Ocracoke to Hatteras, NC

The ferry ride to Ocracoke was 2 and a half hours long.  I caught up on my blogging while Dallas caught up on sleep.  He was probably dreaming about mosquitoes.

On the ferry from Cedar Island to Ocracoke

After arriving on Ocracoke Island, we rode a short distance to Flying Melon Cafe, where we shared a delicious brunch.  Right off the ferry there is a small village area that is dense with cafes, restaurants, and ice-cream shops.  The best part about beach towns is that there’s no shortage of ice-cream shops.  After this strip, there is only one road that goes to the other end of the island, where we catch the free ferry to Hatteras.  This road is devoid of any structures at all – no shops, restaurants, houses…nothing.  There is a nice bike path that runs as far as the campground, and after that there is a wide shoulder to ride on for another 5 miles or so to the beach.  After the beach, there is just a narrow road the rest of the way to the ferry, where there is little else aside from a few vending machines and bathrooms.

Strong waves on the beach in Ocracoke

Dallas and I rode the 14 miles to the other end of Ocracoke at a leisurely pace, enjoying the flat and scenic ride with minimal traffic.  There is driving allowed on the beach, so maybe that’s where all the vehicles were.  Most of the trucks driving by were carrying coolers and fishing poles, which were blatantly obstructing the view of the road for the drivers.

Seagulls following the ferry to Hatteras

The ferry to Hatteras is free and runs every half hour.  It is only a 40 minute ride over shallow waters.  Hatteras is a much bigger island than Ocracoke, but the selection of shops and restaurants we were met with upon exiting the ferry was meager in comparison.  We rode a few miles to a beach, where we swam and rode the waves for a while and then showered in the public outdoor showers.  The tap water around here smells and tastes horrible.

After cleaning up and drying off, we continued up the only road and ate dinner at the only restaurant on the map for miles.  We both agreed that it was a terrible restaurant, but we didn’t have a lot of options and we were hungry.  Further down the road we came across a cafe that wasn’t on the map, but it was open.  The man inside said that they had just bought the place and were in their first week of business, which explains why we couldn’t see it on google maps.  He told us we could camp in their back yard if we wanted, which we seriously considered before heading off to the campground nearby.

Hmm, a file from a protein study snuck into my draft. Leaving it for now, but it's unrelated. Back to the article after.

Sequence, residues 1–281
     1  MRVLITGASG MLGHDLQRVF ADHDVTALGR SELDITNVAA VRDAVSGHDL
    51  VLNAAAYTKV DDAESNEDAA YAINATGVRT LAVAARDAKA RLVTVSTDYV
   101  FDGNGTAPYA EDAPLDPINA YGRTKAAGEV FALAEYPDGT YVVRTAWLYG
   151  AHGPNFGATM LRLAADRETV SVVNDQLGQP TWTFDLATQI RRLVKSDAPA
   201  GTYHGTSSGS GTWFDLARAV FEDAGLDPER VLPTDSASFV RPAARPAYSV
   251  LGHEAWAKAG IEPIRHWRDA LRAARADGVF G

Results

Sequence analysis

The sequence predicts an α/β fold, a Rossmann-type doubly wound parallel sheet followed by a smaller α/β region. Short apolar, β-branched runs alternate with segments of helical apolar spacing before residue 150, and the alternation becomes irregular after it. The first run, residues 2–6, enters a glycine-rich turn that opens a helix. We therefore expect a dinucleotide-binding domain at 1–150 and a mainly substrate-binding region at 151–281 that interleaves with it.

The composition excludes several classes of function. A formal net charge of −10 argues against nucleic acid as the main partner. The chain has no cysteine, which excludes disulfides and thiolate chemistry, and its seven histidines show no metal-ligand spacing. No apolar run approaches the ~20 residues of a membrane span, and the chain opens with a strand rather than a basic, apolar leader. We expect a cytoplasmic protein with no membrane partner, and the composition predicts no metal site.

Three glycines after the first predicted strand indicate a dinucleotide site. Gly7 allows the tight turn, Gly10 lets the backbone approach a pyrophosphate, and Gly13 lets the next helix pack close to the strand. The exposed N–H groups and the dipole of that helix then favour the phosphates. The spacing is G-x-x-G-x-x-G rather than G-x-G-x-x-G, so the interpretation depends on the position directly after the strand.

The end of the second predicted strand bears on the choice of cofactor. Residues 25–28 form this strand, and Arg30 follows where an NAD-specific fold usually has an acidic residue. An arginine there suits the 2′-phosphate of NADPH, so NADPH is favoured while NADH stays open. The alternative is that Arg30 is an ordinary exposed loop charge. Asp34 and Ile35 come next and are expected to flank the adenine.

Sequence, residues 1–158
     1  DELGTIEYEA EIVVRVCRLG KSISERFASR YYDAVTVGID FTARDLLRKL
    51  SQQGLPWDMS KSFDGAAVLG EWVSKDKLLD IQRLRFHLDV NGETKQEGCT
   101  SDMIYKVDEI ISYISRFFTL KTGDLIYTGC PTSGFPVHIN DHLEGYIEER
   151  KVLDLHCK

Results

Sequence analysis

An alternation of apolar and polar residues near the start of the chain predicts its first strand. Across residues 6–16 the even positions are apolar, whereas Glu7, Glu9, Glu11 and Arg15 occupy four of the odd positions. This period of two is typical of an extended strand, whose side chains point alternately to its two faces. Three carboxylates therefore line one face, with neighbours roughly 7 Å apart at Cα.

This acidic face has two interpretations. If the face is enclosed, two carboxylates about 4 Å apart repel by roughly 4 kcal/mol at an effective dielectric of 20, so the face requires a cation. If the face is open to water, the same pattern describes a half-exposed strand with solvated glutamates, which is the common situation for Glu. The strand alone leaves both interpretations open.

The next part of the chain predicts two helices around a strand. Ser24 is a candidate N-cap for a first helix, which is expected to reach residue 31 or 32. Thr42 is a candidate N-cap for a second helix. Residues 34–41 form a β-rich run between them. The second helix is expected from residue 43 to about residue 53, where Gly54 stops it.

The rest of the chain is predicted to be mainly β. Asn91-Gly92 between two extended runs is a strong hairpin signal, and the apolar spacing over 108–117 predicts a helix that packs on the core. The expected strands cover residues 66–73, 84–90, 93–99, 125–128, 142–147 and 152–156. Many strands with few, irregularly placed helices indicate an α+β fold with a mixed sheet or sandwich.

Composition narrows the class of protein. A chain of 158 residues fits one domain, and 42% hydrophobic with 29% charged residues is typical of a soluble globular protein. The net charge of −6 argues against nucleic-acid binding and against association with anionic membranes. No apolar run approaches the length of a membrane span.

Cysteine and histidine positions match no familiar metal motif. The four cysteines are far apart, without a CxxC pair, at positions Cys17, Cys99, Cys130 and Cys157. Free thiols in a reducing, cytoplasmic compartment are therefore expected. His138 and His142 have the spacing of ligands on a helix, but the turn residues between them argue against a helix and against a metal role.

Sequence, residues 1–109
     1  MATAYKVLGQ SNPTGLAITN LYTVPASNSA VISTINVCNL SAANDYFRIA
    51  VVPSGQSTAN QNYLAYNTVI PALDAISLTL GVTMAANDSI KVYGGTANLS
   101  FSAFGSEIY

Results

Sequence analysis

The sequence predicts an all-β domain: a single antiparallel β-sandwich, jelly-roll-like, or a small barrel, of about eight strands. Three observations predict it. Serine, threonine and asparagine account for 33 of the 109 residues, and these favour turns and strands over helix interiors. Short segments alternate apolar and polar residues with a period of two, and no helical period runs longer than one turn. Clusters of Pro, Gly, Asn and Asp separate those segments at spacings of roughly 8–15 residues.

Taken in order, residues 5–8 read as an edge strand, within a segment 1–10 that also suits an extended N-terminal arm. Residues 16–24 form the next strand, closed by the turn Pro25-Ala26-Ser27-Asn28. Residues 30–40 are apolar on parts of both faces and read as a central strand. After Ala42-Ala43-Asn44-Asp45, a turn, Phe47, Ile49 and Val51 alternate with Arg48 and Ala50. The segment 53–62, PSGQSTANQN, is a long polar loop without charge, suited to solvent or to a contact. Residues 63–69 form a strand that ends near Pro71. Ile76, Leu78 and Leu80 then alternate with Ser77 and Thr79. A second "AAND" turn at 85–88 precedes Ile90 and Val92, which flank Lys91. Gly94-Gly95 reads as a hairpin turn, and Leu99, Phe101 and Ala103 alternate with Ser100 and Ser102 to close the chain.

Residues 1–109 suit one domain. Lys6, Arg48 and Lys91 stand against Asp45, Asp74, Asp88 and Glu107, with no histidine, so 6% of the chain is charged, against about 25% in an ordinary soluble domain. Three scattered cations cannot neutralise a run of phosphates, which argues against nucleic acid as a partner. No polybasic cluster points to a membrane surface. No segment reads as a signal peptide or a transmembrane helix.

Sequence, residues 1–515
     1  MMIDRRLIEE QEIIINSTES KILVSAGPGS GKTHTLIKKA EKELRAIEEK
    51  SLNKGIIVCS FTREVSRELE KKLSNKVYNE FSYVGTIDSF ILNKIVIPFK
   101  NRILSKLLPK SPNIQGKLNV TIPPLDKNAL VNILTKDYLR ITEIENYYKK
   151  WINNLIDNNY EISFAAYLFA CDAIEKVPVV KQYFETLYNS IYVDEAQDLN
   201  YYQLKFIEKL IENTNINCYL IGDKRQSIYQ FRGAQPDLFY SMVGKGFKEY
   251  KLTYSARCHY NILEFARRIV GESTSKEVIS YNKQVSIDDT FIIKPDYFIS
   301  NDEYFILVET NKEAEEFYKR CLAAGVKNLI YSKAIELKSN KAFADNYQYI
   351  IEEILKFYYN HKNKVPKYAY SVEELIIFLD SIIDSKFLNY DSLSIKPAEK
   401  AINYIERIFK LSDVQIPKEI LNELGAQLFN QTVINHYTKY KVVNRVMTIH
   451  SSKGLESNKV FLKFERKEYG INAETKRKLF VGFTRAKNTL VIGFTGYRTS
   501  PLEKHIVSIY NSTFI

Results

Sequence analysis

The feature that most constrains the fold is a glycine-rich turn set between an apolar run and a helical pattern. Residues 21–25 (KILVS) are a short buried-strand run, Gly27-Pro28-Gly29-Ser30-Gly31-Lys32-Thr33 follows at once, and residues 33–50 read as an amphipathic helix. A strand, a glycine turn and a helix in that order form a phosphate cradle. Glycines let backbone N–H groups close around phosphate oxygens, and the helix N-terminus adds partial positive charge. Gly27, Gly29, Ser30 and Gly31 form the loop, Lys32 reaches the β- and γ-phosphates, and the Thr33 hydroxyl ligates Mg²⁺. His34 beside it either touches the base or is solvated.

Upon entering the campground, a park ranger informed us that it costs $20 per night to camp there.  She said we could ride around and pick out a site that we liked and then come back to tell her which one we wanted.  We rode around the area, which was hilly from sand dunes and had some great views of the ocean, but neither of us wanted to pay $20 to camp out next to a bunch of other campers, including RVs and trucks.  After leaving the campground but before reaching the main road, Dallas spotted a small trail leading away from the road.  We decided to bring our bikes back there and find a place to camp for free.  The mosquitoes were upon us as soon as we decided to take out our tent, so we hurried to set everything up and get inside.  The next day (May 28th) is Dallas’s birthday…hopefully the bugs will leave him alone!

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About Sarah

Sarah grew up in Cranston - just south of Providence, Rhode Island - and developed a love for travel, music, and outdoor sports at an early age. She had started bicycling long distances at age 12, as a participant of the MS150 bike tours to raise money for the MS Society. She didn't use her bike regularly until she built her own while studying in Montreal and found it an excellent way to get around the city. After graduating from McGill and moving back to Providence, Sarah started working at Brown University's office of Environmental Health & Safety as the Biological Safety Specialist. She was living 4 miles away at the time, and for the first few weeks was driving to work. She made the switch from driving to bicycling when she realized that she could get to work faster, avoid parking tickets, and integrate a few miles of training into her day. Bicycling was better for the environment and better for her own health and mood. She found that she had more energy and felt much happier once she started biking to work. When her car broke down several months later, she never bothered replacing it. After 4 years of working in Biosafety (and on her master's in Environmental Studies), Sarah left her job to pursue her passion. She has been working various jobs in the bicycle industry since June of 2011, including pedicab driver, bicycle tour guide, bike mechanic and traveling bicycle advocate. In between seasonal jobs, she has done a few long-distance bike tours, which is the main reason for this blog. Her dream is to eventually ride around the world and sail across the oceans.

Posted on 28 May 2012, in Bicycle Touring, New Orleans to Newport. Bookmark the permalink. Leave a comment.

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